Why is Kwanzaa in December?

Why is Kwanzaa in December?

Kwanzaa arose in response to the Watts riots, which were in response to long-standing racial injustice in America. Dr. Maulana Karenga developed the festival to bring African Americans together as a community in a celebration of identity. He created seven days of rituals to teach blacks about their history and culture, and to allow them to express themselves through dance. The name "Kwanzaa" comes from a Bantu language word that means "first fruits." It was adopted by Dr. Karenga as the name for his new holiday because it represented the beginning of the harvest season on many African farms.

December 26 is the first day of Kwanzaa. Businesses change their advertising banners and website headers to include the phrase "Joyous Kwanzaa". Families gather together to eat traditional dishes like sweet potatoes and turkey and watch movies like Black Christmas and The Invasion. On the seventh day, people go back to work and school and continue with the lessons and traditions of Kwanzaa.

You may have heard that Kwanzaa is only used as a way for black people to celebrate their heritage, but this is not true. While many white people may associate Kwanzaa with black people, this is not necessary. Anybody can join in on the fun by reading about the lessons and traditions of Kwanzaa and having their own ceremony or party based off of it.

What is the Kwanzaa story?

Kwanzaa was founded in 1966 by Maulana Karenga, professor and chairman of Africana Studies at California State University. In reaction to the Watts Riots in Los Angeles in 1965, he established this holiday to bring African-Americans together as a community. The name "Kwanzaa" is derived from two Bantu words that mean "first fruits." They represent the idea that by observing Kwanzaa, individuals are honoring the spirit of their ancestors and preparing themselves for the coming year.

Karenga based the celebration on the traditional beliefs of his people, the Kikuyus, who honored the first fruit of the harvest with a festival they called "Omwakindo." He changed some details but kept the core concept of the festival: unity vs. division, happiness vs. sadness. Today, Kwanzaa is observed by Africans and others worldwide as a time to come together as a family unit or community vs. a period of solitude like Christmas.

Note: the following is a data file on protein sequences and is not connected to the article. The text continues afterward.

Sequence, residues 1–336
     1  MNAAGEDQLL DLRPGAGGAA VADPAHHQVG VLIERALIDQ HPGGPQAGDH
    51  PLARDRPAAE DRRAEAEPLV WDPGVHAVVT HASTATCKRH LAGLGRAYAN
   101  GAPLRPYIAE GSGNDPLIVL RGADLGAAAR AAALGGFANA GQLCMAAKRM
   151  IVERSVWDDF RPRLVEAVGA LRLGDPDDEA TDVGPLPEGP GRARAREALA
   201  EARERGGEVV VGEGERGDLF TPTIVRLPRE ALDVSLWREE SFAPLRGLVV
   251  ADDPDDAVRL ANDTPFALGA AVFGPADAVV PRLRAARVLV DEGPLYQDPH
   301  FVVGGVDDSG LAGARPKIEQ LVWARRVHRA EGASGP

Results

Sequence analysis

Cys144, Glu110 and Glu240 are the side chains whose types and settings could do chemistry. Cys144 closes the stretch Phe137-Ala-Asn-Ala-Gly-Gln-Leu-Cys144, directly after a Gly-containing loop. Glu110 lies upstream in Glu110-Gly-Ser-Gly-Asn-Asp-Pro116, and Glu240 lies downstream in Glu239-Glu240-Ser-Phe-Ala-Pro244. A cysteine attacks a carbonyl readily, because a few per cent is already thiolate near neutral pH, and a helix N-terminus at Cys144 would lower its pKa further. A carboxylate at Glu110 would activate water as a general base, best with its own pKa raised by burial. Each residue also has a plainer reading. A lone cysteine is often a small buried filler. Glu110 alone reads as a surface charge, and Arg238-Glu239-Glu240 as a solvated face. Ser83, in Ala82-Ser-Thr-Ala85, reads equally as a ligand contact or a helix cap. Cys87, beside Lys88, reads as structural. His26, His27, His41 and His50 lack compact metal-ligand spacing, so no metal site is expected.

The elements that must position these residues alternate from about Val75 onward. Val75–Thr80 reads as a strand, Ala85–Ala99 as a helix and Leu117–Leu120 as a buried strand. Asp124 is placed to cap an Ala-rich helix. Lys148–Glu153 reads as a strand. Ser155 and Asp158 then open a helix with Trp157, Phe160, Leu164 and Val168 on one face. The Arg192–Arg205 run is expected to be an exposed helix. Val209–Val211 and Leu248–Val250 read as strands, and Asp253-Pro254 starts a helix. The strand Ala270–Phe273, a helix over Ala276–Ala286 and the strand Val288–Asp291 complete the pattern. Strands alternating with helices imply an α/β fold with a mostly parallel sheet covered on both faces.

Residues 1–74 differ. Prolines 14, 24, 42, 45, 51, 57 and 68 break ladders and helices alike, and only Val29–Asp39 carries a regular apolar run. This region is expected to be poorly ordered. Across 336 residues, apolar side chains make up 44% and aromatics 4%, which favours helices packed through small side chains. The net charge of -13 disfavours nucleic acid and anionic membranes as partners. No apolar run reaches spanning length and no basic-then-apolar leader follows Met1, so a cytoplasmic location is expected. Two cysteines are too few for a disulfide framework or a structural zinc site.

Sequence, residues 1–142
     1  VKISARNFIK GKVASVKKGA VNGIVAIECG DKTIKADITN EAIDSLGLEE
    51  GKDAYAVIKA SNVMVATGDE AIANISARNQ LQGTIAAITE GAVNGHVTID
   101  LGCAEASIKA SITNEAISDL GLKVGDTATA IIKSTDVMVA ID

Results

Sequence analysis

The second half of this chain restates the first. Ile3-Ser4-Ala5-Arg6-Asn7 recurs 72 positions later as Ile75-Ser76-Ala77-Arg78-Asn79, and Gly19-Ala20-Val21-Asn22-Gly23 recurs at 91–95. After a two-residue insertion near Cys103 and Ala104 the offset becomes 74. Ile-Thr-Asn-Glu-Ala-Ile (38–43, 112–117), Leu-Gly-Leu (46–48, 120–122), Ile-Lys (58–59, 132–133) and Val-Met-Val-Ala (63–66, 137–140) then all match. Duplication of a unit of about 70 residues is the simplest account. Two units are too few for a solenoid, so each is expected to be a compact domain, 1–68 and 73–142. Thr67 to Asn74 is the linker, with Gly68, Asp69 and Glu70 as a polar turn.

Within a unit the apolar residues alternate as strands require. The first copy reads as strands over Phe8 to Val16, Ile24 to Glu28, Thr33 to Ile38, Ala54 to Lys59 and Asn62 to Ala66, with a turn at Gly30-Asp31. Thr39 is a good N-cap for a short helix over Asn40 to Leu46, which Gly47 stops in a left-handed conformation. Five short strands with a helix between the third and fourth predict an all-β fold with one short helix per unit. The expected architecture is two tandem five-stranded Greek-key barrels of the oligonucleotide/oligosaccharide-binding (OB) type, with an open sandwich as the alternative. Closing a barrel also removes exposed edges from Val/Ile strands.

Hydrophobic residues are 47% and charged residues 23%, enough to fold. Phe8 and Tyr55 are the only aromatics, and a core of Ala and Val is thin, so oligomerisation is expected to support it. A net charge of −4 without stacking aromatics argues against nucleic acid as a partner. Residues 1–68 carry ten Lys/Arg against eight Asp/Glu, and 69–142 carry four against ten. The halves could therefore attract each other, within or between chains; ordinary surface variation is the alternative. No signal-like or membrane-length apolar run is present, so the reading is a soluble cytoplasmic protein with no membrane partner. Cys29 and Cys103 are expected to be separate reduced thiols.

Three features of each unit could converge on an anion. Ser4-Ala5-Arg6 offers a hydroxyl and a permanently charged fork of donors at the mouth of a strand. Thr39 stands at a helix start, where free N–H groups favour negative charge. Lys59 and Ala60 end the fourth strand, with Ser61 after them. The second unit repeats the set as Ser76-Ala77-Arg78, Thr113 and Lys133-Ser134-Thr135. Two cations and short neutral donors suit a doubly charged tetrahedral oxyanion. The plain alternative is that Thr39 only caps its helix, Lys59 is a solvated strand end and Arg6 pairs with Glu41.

Some changes were made by other leaders after Karenga left Africa Study Center in 1969. In 1976, John Henley replaced Karenga at the head of the organization. In 1990, Vaia Wilkins took over leadership from Henley and has been working to return Kwanzaa to its original purpose of helping African Americans deal with racism and oppression through education and culture.

Who is the founder of the Kwanzaa holiday?

Dr. Maulana Karenga, professor and chair of African Studies at California State University, Long Beach, invented Kwanzaa in 1966.

He did this to provide a positive cultural alternative to the often-negative celebrations associated with Christmas and New Year's Eve.

Karenga had been influenced by black power movements occurring in America at the time. They encouraged blacks to take control of their lives by learning more about their culture from those who knew it best. He decided to create his own version of a black power movement that would continue for one week every December.

He named it after the Swahili word for "thanks" because he wanted to show respect to its originators (African people) and their culture (kujicha).

Although he was born on January 4th, 1935, he described himself as an agnostic or atheist until he was 30 years old. At that point, he said he was visited by the Creator God who told him to develop his own way of celebrating Him which led to creation of Kwanzaa.

He first introduced Kwanzaa during a faculty meeting at his university. The following year, he organized a national Kwanzaa celebration for black Americans.

About Article Author

Trina Craig

Trina Craig has been in the home improvement industry for over 15 years. She loves reading about different ways to style a room, or what the best accessory is for any given piece of furniture. She also enjoys taking photos of her favorite finds so she can share them with readers!

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